Hospital Hid Superbug Outbreak in Neonatal Ward from Public
Over the past eight months, ten infants at UC Irvine Medical Center tested positive for the same strand of methicillin-resistant Staphylococcus aureus (MRSA). Despite the danger of this superbug due to its high resistance to most antibiotics, this information was only released to the public on Thursday. Thankfully, all ten babies survived and are currently healthy.
This information came to light after a member of the state's Healthcare Associated Infection Advisory Committee, Marian Hollingsworth, filed a complaint to the California Department of Public Health. Although the department investigated and found that no regulations were violated, this news is understandably causing concern in the community.
The first case was detected in August 2016, with the most recent being March 26. UC Irvine (UCI) defended its decision by claiming that there was no evidence that pointed to infants at UCI's neonatal unit being more likely to contract the disease than at other hospitals. UCI released a statement following the controversy, stating:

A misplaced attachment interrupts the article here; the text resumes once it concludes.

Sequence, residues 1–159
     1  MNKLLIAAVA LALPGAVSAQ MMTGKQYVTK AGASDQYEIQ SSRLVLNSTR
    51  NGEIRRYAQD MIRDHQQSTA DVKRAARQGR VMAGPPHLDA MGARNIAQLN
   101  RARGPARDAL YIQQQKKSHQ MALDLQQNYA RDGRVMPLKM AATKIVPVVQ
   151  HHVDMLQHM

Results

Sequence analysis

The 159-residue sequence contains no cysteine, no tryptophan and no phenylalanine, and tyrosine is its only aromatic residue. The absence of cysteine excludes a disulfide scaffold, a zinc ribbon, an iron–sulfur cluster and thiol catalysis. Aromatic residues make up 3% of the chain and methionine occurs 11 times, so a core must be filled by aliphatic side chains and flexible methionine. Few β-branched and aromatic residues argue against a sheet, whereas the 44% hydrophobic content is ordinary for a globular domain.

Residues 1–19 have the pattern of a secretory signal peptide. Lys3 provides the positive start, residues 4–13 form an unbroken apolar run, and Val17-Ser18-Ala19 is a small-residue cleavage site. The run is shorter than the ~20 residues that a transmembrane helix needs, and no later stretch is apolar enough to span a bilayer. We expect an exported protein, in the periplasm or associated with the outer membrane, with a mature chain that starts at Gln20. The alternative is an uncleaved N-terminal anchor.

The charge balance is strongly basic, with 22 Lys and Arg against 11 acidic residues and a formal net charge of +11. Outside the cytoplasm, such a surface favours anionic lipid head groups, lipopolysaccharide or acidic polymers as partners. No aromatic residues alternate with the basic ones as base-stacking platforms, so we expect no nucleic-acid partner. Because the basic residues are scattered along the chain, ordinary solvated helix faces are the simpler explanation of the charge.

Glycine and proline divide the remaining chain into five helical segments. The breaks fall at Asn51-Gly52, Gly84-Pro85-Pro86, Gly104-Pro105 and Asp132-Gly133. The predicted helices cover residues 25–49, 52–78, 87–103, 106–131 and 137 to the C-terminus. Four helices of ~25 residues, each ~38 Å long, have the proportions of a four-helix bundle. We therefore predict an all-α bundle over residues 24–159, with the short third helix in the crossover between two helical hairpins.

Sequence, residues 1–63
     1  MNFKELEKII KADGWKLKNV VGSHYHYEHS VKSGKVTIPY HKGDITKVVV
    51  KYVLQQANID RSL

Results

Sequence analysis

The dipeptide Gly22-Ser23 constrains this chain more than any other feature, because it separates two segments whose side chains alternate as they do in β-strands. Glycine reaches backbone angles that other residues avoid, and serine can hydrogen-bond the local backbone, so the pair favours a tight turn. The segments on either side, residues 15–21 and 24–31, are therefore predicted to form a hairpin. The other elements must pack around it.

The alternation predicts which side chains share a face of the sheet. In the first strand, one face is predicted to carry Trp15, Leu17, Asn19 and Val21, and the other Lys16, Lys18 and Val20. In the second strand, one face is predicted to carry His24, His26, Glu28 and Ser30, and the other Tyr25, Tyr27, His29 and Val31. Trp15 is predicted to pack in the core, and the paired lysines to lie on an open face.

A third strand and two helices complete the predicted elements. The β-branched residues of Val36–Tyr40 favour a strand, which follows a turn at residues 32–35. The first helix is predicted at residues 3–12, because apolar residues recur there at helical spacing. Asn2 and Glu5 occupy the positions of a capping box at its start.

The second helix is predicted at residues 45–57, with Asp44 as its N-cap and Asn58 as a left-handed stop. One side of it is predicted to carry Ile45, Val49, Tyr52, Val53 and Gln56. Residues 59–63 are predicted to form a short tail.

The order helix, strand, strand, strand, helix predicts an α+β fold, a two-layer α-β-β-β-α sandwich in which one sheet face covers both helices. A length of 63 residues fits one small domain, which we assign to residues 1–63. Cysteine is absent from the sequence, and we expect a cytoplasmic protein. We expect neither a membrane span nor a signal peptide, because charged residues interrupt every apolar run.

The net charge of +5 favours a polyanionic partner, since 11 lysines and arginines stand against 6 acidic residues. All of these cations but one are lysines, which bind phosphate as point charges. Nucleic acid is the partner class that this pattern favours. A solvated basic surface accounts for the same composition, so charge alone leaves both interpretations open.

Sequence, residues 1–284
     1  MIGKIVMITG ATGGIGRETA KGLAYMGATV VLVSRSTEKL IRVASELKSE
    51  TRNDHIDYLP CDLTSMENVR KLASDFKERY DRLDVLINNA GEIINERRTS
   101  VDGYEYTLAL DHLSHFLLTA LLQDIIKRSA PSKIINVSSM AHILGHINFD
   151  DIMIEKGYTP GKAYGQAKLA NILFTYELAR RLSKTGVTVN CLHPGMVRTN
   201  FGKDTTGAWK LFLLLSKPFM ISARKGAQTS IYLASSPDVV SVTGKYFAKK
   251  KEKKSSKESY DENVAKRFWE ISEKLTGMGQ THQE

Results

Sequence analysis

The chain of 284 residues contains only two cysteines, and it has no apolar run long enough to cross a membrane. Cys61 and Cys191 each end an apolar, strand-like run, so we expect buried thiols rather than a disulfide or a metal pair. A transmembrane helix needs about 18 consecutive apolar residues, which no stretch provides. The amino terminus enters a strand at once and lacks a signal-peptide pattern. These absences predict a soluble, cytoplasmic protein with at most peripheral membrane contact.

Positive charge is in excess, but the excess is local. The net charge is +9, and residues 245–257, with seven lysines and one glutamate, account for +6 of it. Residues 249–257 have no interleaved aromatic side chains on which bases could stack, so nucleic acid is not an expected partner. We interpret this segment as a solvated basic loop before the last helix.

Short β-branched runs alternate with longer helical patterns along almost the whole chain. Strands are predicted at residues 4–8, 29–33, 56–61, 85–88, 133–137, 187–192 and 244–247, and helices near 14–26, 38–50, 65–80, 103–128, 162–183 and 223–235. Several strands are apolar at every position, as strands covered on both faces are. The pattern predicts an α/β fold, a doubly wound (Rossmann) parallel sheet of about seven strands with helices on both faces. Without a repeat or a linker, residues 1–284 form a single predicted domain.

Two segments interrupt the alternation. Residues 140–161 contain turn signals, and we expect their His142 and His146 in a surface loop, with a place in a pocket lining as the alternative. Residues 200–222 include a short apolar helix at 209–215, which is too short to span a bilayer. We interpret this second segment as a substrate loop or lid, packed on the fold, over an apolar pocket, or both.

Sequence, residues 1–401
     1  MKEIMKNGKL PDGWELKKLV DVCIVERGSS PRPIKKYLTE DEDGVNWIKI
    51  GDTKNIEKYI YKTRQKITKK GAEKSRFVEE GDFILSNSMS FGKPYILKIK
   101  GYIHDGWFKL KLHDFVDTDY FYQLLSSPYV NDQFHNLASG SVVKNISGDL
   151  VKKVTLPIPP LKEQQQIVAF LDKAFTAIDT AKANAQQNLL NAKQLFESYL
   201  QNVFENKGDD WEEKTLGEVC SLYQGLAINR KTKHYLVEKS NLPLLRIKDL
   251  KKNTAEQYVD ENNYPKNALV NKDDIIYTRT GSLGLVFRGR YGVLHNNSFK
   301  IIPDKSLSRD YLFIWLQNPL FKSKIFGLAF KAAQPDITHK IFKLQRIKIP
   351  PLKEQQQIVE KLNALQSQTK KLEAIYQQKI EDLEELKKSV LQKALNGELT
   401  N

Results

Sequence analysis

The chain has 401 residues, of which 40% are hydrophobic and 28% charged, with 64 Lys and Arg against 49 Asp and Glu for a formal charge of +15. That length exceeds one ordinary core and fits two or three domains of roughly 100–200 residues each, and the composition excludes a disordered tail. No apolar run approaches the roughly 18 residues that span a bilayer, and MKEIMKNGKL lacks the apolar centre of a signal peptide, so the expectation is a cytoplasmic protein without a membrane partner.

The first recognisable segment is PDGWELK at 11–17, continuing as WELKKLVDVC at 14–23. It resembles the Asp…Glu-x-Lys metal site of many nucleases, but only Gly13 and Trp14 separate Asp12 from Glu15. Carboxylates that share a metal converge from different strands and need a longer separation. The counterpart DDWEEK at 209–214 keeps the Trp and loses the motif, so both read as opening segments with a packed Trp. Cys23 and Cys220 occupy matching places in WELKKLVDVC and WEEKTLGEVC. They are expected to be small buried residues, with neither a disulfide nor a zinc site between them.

There is currently no MRSA infection or colonization among neonatal intensive care unit patients. We have closed one of our two neonatal intensive care units to new admissions, while taking infection prevention measures that meet or exceed best industry practices and Centers for Disease Control and Prevention standards for disinfection.
To combat the spread of the disease, the hospital had its 200 employees undergo "decolonization" by having them apply antiseptic soap and ointment on their skin and in their nose to reduce the presence of MRSA.
Initially, only the parents of infants who were being tested or treated were told of the outbreak. In March, the hospital began telling the parents who had infants in intensive care. Come on, UCI, at that point you know it's too little, too late.
Hollingsworth's dismay at this news caused her to report this attempt to quietly handle the outbreak after learning of it from a friend who is an employee at UCI. She believes that parents have the right to know, telling CBS LA:
I'm a mom of four. I'll be outraged if no one told me. I think hospitals have a lot to learn yet about infection control, and everyone needs to be on it to help prevent it.
She also questioned the state's findings that UCI had followed procedure correctly, stating, "If UCI had done everything correctly there would not have been so many babies infected."
The public disclosure of outbreaks would allow patients to make a more informed decision and also cause the hospitals to be more stringent when trying to prevent outbreaks. Seems like a win-win to me.